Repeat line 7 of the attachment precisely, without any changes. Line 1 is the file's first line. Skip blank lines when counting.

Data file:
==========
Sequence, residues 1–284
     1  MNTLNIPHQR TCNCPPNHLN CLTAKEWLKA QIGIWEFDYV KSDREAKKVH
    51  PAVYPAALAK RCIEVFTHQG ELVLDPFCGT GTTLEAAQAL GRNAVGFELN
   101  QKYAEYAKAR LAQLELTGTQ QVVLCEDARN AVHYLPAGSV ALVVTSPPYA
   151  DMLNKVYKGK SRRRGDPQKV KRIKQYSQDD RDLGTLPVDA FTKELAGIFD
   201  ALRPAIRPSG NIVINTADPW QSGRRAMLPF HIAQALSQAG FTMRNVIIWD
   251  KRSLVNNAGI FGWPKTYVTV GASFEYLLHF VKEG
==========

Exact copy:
   251  KRSLVNNAGI FGWPKTYVTV GASFEYLLHF VKEG